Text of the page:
[0196] The process 4600 begins at step 4601, where intersection details for the current band are removed from the IT in the order that the intersection details were sorted in the IT, and are preferably assigned the label current_intersection_details. As discussed above, the intersection details include the intersection point and a reference to the segments which intersect at the intersection point. At the next step 4603, if the intersection details have the same intersection point then the process 4600 proceeds to step 4625. At step 4625, a Split Assign Segment process 4700, as seen in FIG. 47, is performed for the current intersection point. The Split Assign Segment process 4700 will be explained in more detail below with reference to the flow chart of FIG. 47. If there are any more intersection details in the IT at step 4623, then the process 4600 returns to step 4601. Otherwise, there are no more intersection details in the IT (ie. Intersection Table), and the process 4600 proceeds to step 613 of the method 600. Then at the next step 4605, the counter values associated with the intersecting segments are updated whereby the first intersecting segment (ie. the left most segment after the intersection point) inherits the counter value of the counter associated with the second intersecting segment. Thus, the value of the counter associated with the second intersecting segment is assigned to the first intersecting segment. Further, the counter associated with the second intersecting segment is updated according to the direction of the first segment. The process 4600 continues at step 4607 where if both of the first and second intersecting segments belong to edges, then the process 4600 proceeds to step 4627. Otherwise, the process 4600 proceeds to step 4611. At step 4627, a node with the intersection point is inserted into the left/right wing of both of the edges associated with the intersecting segments depending on whether the segments are marked as left or right. At the next step 4609, if the first and second intersecting segments belong to the same edge then the process 4600 proceeds to step 4613. At step 4613, both the first and second intersecting segments are unassigned from their respective edges. The process continues at step 4617, where a new edge starting from the intersection point is created if there is a left and a right border segment. Further, the left and right segments are assigned to the newly created edge, and the process 4600 proceeds to step 4621.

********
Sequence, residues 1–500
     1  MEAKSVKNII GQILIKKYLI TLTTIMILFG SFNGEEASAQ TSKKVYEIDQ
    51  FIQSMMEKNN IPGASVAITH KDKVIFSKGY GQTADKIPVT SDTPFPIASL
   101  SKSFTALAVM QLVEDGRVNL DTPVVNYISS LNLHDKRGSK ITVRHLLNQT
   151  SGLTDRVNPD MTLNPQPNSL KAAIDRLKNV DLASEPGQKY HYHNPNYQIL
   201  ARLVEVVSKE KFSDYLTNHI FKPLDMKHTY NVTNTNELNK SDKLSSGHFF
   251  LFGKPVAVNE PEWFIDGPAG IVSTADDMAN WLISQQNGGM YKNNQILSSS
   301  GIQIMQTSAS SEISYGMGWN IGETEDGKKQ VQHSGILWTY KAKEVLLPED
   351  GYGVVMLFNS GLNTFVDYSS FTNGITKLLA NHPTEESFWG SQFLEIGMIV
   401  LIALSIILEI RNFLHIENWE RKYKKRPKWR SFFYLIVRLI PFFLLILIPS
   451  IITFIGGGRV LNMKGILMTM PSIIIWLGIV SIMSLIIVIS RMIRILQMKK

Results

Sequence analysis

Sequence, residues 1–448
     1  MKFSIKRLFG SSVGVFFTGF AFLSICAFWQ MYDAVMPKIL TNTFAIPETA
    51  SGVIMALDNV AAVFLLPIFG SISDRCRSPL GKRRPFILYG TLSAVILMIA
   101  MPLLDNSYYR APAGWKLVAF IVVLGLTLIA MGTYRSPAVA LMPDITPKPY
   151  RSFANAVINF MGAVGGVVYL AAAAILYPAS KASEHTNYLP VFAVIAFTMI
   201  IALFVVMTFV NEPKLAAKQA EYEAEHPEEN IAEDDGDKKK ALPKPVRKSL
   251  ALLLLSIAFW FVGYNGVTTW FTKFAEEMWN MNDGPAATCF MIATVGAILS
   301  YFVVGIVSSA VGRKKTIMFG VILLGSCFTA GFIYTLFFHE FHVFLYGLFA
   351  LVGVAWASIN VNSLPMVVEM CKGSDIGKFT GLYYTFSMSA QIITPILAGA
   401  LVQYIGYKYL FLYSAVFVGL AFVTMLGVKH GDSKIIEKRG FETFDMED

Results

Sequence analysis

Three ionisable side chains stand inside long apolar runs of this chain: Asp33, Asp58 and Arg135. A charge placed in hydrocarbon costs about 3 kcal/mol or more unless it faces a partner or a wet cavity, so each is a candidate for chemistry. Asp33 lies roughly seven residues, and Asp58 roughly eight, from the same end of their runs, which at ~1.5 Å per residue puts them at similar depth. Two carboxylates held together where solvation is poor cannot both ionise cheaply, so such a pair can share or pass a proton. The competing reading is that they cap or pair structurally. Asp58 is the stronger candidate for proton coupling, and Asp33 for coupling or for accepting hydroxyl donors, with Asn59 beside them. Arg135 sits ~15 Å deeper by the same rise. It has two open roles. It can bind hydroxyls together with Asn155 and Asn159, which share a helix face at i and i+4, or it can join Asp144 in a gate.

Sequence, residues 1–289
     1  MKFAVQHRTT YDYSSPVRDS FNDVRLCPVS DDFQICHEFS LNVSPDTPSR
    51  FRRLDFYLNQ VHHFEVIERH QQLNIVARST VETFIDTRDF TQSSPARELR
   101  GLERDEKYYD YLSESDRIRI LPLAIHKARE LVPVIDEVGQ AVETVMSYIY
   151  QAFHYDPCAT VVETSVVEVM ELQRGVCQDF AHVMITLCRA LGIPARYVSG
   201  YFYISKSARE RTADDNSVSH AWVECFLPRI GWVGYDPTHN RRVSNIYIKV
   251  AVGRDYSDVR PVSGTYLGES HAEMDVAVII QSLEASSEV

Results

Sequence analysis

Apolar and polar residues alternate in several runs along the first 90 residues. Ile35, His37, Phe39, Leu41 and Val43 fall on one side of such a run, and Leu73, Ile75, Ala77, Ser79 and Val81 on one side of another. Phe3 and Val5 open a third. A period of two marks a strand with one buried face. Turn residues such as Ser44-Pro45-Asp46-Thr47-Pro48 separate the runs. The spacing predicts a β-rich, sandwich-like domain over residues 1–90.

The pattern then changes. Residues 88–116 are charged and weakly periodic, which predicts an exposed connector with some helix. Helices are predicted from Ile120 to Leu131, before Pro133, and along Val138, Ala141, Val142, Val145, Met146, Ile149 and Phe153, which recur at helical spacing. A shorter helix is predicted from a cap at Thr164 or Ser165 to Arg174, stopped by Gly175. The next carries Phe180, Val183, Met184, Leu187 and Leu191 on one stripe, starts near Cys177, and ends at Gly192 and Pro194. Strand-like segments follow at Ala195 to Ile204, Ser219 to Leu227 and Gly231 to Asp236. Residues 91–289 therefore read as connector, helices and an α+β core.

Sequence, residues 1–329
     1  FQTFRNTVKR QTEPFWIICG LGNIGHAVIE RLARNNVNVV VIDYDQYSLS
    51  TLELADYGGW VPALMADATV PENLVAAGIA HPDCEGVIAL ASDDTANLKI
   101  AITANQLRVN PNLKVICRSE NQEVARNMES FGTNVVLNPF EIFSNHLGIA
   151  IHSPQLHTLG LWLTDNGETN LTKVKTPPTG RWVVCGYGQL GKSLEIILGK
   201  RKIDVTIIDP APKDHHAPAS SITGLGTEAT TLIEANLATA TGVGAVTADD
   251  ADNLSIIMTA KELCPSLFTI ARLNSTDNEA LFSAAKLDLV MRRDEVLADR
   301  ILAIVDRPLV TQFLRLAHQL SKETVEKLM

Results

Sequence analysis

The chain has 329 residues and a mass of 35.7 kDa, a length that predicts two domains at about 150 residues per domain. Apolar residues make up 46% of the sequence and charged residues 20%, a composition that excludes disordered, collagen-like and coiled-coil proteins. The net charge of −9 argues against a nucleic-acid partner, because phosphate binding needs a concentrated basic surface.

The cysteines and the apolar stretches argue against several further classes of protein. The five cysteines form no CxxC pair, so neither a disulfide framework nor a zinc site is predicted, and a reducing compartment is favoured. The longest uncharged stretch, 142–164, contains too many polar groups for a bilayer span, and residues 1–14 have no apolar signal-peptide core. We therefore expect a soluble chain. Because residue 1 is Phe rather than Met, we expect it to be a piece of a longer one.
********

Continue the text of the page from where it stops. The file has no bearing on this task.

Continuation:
[0197] If the first and second intersecting segments do not belong to the same edge at step 4609, then the process 4600 proceeds to step 4629, where a test is performed to determine if the first segment is a border segment. As discussed above with reference to FIG. 20, the first segment is a border segment depending on both the direction of the segment and the value of the counter associated with the segment. If the first segment is a border segment at step 4629, then the process 4600 proceeds to step 4631 where the edges associated with each of the first and second segments are interchanged along with the left/right assignments of the segments. Otherwise, the process 4600 proceeds to step 4633 where both the first and second segments are unassigned from their respective edges. The process 4600 then proceeds to step 4621, where if there are any more intersection details in the IT then the process 4600 returns to step 4601.